It is still next to impossible for an able-bodied 25 yo male to collect welfare here.

      4. Yet we are being told it is a women’s issue.

  4. Worry?

    I reside delicately suspended between two raging dragons feeding voraciously from the fingertips of my millions-strong neighbors composed of complex demographics writhing with abject ignorance about the state of their existence juxtaposed on the canvas of governmental domination and corporate sublimation.

    Dear, an army of single women or chartreuse giraffes simply indicates yet another predictable crew of dragon-feeders.

    1. But Agile, why do those female dragons have to be such bitches about it? It’s like they are permanently on the rag, amirite? We should have never given female dragons the ability to breathe fire.

      1. Dude, we should totally get a hallucinogen and cocaine fueled session of D&D going.

        1. Dibs on being the group bard. Halfling, of course.

          1. Bards are a terrible character class. So annoying.

            So, I’m in.

            Halfling?!?

            1. I got first dibs on the dwarf mage role.

            2. I never got to try the bard class. I always rolled a druid or a rogue.

              1. You… rolled, instead of chose, a class?

                Ok, maybe I’m showing how young I am, but what version of d and d was this? 2? Or are we talking first edition?

                1. Let’s go first. I claim the elf class.

  5. “Broadly accessible reproductive rights” is also a demand for government intervention as for the people pushing these policies an inability to personally pay for them means they are not acessable.

  6. “We are living through the invention of independent female adulthood as a norm, not an aberration, and the creation of an entirely new population: adult women who are no longer economically, socially, sexually, or reproductively dependent on or defined by the men they marry.”

    “Independent” is an odd word for single mothers who are dependent on the taxpayer.

    1. Ta-da! The leftoid dependency pimps discovered they could advance their collectivist agenda by helping women pretend to be independent while actually being dependent on the state.

  7. Raise the voting age to 40 and see what happens.

  8. “It reduces all relationships women have to marital, sexual, hetero ones and suggests that they are, by nature, dependent beings.”

    *Raises hand* But isn’t that true?

    *ducks*

    laws ensuring “pay equity, paid family leave, a higher minimum wage, universal pre-K, lowered college costs, more affordable health care, and broadly accessible reproductive rights.”

    With the exception of the last point, those are all either direct requests for state support or requests for state-mandated support from private actors.

    I’m not sure that the last point isn’t also a request for state support too. When a lot of people talk about “broadly accessible reproductive rights” what they really mean is state subsidized abortion. You have to read between the lines with some people. Apparently legal abortion isn’t enough, they insist that other people be on the hook to pay for them too.

  9. Millions of single women voters…

    Millions of single male refugees from the Middle-East…

    I smell a solution!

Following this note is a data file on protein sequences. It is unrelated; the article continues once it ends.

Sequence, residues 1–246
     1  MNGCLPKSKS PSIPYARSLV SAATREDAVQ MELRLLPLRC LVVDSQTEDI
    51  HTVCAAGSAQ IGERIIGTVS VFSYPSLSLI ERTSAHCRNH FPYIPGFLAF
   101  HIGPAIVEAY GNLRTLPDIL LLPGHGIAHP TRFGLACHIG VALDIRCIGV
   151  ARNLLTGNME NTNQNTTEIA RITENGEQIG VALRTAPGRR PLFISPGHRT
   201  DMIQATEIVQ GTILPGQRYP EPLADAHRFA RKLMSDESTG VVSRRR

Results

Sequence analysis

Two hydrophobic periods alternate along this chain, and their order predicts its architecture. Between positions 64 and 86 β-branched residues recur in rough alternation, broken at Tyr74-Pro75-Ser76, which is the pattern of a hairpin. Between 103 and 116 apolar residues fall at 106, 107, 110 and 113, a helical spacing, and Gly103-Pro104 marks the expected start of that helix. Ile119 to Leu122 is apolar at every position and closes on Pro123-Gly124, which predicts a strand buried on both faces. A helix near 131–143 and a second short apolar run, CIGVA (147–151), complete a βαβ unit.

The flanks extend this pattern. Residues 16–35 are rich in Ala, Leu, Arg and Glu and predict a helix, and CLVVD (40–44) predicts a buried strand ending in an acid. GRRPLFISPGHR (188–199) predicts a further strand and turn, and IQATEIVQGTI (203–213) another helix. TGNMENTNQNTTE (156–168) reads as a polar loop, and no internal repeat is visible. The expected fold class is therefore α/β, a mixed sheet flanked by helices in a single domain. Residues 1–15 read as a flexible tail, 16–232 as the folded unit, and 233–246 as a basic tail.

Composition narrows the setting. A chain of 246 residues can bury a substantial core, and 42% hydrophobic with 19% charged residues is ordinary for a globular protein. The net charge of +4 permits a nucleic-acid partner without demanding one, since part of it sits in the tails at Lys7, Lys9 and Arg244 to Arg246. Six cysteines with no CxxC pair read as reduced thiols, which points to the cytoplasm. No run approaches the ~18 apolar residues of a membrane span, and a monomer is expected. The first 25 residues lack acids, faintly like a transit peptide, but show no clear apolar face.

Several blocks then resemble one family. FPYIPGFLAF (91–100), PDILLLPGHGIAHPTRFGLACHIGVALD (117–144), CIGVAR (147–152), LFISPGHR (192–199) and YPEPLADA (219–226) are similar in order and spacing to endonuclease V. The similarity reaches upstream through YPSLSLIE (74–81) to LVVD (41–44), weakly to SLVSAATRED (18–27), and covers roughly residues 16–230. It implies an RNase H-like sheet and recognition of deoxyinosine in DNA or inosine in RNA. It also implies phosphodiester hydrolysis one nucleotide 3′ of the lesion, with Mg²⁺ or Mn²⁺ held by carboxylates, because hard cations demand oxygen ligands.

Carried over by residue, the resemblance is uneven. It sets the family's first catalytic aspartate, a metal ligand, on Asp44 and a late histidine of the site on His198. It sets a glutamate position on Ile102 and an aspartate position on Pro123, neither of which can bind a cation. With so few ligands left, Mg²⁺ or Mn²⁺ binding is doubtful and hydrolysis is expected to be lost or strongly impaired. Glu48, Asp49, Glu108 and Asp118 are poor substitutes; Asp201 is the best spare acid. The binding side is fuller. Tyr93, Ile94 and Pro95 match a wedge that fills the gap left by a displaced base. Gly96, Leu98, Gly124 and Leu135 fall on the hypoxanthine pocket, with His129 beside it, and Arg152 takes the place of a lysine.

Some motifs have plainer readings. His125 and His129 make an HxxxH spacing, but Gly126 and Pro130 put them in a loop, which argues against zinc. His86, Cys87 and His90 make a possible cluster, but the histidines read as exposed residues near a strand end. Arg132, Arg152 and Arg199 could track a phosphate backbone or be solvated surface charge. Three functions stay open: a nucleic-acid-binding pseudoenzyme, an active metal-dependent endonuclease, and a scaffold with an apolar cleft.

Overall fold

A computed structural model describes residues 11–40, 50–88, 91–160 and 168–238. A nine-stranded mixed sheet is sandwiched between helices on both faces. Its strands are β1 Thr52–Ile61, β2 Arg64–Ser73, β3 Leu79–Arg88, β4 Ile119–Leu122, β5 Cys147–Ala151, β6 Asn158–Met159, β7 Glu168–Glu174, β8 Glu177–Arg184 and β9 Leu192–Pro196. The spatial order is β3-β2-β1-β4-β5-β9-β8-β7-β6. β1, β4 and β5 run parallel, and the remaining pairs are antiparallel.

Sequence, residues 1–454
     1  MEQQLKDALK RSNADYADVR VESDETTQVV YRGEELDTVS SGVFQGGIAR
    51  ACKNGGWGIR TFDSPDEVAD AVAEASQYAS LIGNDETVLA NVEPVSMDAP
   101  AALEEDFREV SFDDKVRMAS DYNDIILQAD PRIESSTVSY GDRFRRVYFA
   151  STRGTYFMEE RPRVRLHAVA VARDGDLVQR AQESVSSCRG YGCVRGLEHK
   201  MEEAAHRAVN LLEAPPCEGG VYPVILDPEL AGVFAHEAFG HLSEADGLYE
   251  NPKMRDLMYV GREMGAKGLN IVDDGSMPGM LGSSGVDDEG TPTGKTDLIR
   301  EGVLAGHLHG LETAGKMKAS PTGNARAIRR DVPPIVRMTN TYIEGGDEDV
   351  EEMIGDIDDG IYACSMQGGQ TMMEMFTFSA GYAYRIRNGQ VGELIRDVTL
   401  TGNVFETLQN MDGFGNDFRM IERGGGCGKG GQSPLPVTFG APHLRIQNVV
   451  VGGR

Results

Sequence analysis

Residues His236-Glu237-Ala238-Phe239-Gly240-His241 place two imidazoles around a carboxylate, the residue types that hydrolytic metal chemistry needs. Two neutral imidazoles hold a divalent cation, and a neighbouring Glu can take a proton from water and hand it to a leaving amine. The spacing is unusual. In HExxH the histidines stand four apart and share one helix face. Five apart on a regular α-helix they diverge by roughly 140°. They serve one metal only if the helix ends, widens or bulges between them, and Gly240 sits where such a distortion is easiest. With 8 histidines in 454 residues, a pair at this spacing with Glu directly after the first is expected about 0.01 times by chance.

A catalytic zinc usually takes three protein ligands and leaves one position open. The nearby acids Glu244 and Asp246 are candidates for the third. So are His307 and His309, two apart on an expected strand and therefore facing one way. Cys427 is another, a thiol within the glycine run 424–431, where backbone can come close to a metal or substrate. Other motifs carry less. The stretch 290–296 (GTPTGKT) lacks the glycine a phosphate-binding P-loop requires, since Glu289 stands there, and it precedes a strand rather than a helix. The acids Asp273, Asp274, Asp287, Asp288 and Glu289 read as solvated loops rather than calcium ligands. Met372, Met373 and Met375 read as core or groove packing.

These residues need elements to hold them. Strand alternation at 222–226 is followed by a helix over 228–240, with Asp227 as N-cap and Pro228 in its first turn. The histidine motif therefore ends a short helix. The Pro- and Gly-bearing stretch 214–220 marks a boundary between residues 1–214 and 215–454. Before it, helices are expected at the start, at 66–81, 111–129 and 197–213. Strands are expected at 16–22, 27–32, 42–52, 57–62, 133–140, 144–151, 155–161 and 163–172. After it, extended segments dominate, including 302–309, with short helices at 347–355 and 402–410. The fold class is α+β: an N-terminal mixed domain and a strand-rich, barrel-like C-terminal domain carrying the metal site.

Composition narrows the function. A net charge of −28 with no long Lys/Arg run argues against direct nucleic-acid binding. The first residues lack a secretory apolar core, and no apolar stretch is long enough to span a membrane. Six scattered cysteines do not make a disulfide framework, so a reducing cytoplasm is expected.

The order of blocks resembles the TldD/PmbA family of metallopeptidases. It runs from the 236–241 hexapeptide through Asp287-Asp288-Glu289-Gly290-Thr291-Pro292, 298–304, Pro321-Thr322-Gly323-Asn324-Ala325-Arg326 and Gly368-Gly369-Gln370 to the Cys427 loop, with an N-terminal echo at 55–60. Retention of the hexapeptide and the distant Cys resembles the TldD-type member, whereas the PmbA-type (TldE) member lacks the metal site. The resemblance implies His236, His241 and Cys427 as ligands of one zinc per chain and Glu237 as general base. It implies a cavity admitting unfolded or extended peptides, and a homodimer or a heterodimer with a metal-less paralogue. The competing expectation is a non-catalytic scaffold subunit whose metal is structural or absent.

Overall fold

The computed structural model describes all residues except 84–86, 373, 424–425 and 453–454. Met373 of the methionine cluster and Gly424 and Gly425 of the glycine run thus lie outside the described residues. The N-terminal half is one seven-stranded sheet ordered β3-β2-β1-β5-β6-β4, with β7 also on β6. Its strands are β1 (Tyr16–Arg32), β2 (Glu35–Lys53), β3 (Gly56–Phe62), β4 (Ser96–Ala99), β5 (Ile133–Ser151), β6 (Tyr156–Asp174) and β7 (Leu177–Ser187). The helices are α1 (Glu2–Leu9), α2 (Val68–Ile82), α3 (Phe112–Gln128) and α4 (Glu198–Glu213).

1. does it smell like victory? or seasoned kababs?

  10. “Yes, taken as a group, women vote more Democratic than men do,” concluded Hymowitz. “But that has little to do with their sex, which is why analysts would be wise to pay a little less mind to the gap.”

    Hymowitz? That’s a cartoon jewish name, I hope.

    1. “Yes, taken as a group, women vote more Democratic earn less than men do,” concluded Hymowitz. “But that has little to do with their sex, which is why analysts would be wise to pay a little less mind to the gap.”

    2. Yes, taken as a group, women vote more Democratic less Republican than men do,” concluded Hymowitz. “But that has little to do with their sex, which is why analysts would be wise to pay a little less mind to the gap.

      Yes, taken as a group, women men vote more Democratic Republican than men women do,” concluded Hymowitz. “But that has little to do with their sex, which is why analysts would be wise to pay a little less mind to the gap.

      Yet we are treated to endless scolding about how the Repubs have a “gender gap”, but never a peep about the equal and opposite gender gap that the Dems have.

  11. “The notion that what the powerful, growing population of unmarried American women needs from the government is a husband… is of course problematic,” she writes. “It reduces all relationships women have to marital, sexual, hetero ones and suggests that they are, by nature, dependent beings.”

    Calling something problematic isn’t an argument. It’s dismissing an argument because you don’t like the implications of it. So we get some weird math being done where a 10% higher gap between married and unmarried women in racial groups is dismissed as being close enough, but similar gaps elsewhere are apparently significant. If the 10% of married versus unmarried men voting Democrat is significant, why not the ones on racial groups? There is still a trend here, but it’s being downplayed.

    At the end of the day, more women tend to vote for nanny statism regardless of race or marital status. Marrying them off isn’t going to make the country more libertarian, either. That’s a generalization, not collectivization. There is a difference there, and libertarians tend to engage in their own form of hand waving when they pretend to confuse the two.

    So, I don’t know. We either need to repeal the 19th amendment or find some sort of pitch for individual liberty that has greater appeal to females if one exists. The exercise in tearing apart poll data to explain away a trend isn’t very productive to me, though.